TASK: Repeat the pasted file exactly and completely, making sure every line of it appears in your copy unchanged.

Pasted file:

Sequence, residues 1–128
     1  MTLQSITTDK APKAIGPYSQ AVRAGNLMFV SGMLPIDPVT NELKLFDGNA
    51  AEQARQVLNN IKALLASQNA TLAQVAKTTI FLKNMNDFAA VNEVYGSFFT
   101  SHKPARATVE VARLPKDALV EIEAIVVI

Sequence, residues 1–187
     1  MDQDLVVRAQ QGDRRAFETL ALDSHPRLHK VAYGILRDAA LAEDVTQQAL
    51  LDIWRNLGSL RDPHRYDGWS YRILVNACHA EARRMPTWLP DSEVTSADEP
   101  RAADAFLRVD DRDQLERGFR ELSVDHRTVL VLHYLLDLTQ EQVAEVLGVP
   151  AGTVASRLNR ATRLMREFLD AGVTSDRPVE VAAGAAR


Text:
Sequence, residues 1–128
     1  MTLQSITTDK APKAIGPYSQ AVRAGNLMFV SGMLPIDPVT NELKLFDGNA
    51  AEQARQVLNN IKALLASQNA TLAQVAKTTI FLKNMNDFAA VNEVYGSFFT
   101  SHKPARATVE VARLPKDALV EIEAIVVI

Sequence, residues 1–187
     1  MDQDLVVRAQ QGDRRAFETL ALDSHPRLHK VAYGILRDAA LAEDVTQQAL
    51  LDIWRNLGSL RDPHRYDGWS YRILVNACHA EARRMPTWLP DSEVTSADEP
   101  RAADAFLRVD DRDQLERGFR ELSVDHRTVL VLHYLLDLTQ EQVAEVLGVP
   151  AGTVASRLNR ATRLMREFLD AGVTSDRPVE VAAGAAR